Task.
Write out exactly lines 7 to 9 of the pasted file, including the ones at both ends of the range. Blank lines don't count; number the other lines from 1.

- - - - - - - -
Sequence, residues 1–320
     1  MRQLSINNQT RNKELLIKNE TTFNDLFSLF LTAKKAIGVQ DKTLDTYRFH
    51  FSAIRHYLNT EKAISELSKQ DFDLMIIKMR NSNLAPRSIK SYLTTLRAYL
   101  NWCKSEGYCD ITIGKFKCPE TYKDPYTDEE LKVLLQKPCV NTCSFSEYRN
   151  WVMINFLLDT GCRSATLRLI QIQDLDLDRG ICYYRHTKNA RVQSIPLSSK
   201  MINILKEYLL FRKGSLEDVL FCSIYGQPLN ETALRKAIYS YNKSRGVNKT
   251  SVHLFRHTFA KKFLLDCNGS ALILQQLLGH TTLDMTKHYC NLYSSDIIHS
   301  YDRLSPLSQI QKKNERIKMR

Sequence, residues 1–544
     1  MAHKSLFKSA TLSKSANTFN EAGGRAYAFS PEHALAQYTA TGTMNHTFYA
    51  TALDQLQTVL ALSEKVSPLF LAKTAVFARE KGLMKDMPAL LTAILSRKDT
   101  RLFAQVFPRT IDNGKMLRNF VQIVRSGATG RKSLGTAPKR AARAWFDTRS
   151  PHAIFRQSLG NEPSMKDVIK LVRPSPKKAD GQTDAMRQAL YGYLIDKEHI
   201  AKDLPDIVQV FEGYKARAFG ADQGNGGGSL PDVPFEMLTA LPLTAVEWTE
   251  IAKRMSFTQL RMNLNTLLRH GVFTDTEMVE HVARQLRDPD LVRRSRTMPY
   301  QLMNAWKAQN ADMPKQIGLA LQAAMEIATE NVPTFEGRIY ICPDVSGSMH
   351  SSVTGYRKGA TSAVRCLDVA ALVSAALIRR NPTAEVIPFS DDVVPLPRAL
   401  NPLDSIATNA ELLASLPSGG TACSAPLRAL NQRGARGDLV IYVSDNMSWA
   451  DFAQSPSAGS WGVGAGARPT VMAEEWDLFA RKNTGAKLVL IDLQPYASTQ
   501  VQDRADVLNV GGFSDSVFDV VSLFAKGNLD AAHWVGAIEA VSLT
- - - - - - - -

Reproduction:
   251  SVHLFRHTFA KKFLLDCNGS ALILQQLLGH TTLDMTKHYC NLYSSDIIHS
   301  YDRLSPLSQI QKKNERIKMR

Sequence, residues 1–544